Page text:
I have known for as long as I can remember that I am terrible at picking out gifts for my mother. She does not like to ask for things in particular because she wants her gifts to be a surprise, but she also wants them to be exactly what she wants. She says that it is the thought that counts; therefore if we'd put enough thought into our gifts, we would have been able to pick out the right ones.
When I was in my early 20s she said she wanted a foot massager that could do pressure point foot massages. The closest thing I could find in person or online at the time was a massaging foot bath from Brookstone, so I bought it. The moment she unwrapped it she said it was wrong, not what she wanted at all, and that I should return it immediately and give her a Walmart gift card instead because keeping the foot bath would just be a waste of my money. I had asked her all through college for gift cards for birthdays and Christmas because I did not have enough money for new clothes, but she had always told me she couldn't afford to give me gift cards. Instead she'd sent me large boxes of toys and other useless sundries, like a keychain with a babydoll on the end and a plastic circle for pressing the water out of canned tuna. Each box must've totaled $50-100, possibly more after shipping. So I returned the foot bath and got my money back, and I kept it.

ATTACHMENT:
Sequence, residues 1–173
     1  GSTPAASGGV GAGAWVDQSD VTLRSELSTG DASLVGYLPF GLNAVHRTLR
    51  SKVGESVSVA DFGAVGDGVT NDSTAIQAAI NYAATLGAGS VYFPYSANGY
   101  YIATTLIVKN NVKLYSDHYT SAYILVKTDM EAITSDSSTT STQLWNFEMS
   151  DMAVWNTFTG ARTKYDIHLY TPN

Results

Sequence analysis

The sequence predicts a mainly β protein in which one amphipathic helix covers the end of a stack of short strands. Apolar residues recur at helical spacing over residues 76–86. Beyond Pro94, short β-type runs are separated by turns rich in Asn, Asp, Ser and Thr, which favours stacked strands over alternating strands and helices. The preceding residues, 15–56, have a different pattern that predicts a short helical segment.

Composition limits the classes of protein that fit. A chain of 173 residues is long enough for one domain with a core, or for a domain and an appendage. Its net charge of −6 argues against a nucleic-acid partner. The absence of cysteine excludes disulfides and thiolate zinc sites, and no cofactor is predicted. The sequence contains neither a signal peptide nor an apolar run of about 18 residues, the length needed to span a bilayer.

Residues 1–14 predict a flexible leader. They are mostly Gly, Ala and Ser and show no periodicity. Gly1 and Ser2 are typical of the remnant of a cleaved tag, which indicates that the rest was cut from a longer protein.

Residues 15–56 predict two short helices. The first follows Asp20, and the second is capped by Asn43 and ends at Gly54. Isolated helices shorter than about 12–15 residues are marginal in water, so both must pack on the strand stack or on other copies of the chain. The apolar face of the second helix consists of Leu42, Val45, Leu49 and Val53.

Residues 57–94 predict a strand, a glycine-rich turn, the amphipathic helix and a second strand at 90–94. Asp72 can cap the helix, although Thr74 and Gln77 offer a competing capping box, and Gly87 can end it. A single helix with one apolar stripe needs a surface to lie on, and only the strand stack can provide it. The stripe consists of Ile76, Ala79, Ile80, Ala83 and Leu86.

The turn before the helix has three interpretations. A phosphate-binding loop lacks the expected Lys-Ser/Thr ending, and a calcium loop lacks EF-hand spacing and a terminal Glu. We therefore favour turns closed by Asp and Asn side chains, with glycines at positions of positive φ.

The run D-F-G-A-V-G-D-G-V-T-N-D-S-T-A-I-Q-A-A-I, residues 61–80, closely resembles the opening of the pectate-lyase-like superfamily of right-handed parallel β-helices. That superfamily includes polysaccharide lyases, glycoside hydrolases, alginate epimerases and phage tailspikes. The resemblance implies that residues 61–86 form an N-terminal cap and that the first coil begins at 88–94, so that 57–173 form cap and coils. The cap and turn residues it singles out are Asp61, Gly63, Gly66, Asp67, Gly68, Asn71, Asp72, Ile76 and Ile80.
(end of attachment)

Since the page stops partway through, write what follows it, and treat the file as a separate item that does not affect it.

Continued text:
The next year I just sent her flowers and a card. She had ordered flowers for me for every birthday since I turned a year old, plus Valentine's Day and other holidays. She said the flowers arrived in a box and not already arranged in a vase. Ordering flowers online was a new phenomenon, and I'd unwittingly sent her flowers that she had to arrange after they arrived. She didn't even know people did that. The next year she told me not to send her some stupid waste of money like flowers -- she wanted gift cards, so I should just send her gift cards. I just sent her a card. I sent her just a card for every holiday until she had ignored a couple of my birthdays and Christmases, and then I stopped.